Associate Professor Ana Miljacki, and alumna Zeynep Çelik Alexander, PhD '07, are among the 2016 winners of the Graham Foundation grants.
Miljacki's publication, Terms of Appropriation: Essays on Architectural Influence, edited with Amanda Reeser Lawrence, received funding in the publication group. This book is a collection of critical essays that addresses pressing and timely questions regarding architectural influence. The intent of the book is to establish a shared vocabulary with which to discuss, or contest, the workings of influence as a vital and progressive aspect of architectural discourse. Written by a group of rising scholars in the field of architectural history and criticism, the essays cover a range of architectural subjects but they are linked in their investigations of how architects engage with their predecessors, and in what ways one can productively begin to analyze the workings of influence.
Zeynep Çelik Alexander, an alumna of the MIT History, Theory and Criticism of Architecture and Art (HTC), also received funding for her project 'Kinaesthetic Knowing: A History of Modern Design Education' forthcoming from the University of Chicago Press. This book presents the history of "kinaesthetic knowing," as it was theorized in Germany in the late-nineteenth and early-twentieth centuries. The central figures in this history—the art historian Heinrich Wölfflin, the architect August Endell, and the pedagogues Hermann Obrist, Wilhelm von Debschitz, Wassily Kandinsky, and László Moholy-Nagy—operated with the assumption that there existed a non-discursive, non-conceptual way of knowing that could nonetheless compete in its rigor with propositional knowledge dependent on language, concepts, or logic. The book argues that it was upon the foundation of this other way of knowing—assumed to be realized through the body rather than through the mind—that many concepts and techniques central to twentieth-century aesthetic modernism were established. The faith in the epistemological value of kinaesthesia was short-lived but proved crucial: above all, this alternative epistemological principle found traction in a new kind of training that we now call "modern design education."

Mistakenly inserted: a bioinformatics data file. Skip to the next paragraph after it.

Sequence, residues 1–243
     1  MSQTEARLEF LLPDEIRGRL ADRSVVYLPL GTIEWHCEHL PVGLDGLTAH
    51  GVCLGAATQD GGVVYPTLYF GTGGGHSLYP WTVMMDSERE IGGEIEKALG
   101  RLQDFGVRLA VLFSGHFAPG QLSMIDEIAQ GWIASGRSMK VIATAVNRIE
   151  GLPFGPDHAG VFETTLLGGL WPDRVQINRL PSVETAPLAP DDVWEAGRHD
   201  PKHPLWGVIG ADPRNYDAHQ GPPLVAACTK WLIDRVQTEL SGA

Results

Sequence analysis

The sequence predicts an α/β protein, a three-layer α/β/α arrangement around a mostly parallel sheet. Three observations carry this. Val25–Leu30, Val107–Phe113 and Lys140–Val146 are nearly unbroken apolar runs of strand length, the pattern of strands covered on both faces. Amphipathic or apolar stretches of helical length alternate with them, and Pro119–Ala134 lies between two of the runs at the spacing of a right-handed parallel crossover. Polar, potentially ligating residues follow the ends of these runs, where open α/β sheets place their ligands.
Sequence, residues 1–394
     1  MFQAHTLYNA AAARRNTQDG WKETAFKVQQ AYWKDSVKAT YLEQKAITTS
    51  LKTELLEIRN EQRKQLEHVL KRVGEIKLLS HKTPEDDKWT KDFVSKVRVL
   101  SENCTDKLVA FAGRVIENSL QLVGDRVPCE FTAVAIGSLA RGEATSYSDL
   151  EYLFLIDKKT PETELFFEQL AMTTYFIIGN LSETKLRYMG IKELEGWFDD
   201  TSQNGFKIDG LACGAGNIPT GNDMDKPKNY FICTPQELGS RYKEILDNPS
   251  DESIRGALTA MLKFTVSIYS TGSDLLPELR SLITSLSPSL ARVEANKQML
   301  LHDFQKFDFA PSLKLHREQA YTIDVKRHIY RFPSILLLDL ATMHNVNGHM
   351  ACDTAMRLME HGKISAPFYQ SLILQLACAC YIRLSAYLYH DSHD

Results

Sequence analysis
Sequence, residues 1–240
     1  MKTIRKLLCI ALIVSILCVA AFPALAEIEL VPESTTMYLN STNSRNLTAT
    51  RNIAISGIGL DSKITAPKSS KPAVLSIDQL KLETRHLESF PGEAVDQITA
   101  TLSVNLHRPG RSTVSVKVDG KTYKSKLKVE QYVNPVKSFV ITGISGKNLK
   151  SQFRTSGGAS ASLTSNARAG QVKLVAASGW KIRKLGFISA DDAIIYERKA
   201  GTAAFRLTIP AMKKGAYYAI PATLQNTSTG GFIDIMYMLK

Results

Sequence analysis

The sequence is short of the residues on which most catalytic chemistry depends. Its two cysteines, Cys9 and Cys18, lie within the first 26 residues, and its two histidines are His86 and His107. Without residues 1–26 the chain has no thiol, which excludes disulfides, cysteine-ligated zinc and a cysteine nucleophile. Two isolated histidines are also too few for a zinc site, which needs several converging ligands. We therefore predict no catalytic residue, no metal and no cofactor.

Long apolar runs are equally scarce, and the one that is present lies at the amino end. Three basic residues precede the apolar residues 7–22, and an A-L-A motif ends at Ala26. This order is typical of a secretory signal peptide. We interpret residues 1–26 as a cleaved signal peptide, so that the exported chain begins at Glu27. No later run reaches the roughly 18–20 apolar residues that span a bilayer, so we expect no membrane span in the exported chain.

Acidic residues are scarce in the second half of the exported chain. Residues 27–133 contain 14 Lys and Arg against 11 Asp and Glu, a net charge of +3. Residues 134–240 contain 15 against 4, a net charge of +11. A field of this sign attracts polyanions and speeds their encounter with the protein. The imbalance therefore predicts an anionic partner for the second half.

Founded in 1956, the Graham Foundation for Advanced Studies in the Fine Arts makes project-based grants to individuals and organizations and produces public programs to foster the development and exchange of diverse and challenging ideas about architecture and its role in the arts, culture, and society. The foundation awarded $490,000 in new grants to individuals around the world to support 59 innovative projects engaging original ideas in architecture. Among the funded projects are exhibitions, publications, films, live performances, and site-specific installations. See the press release here.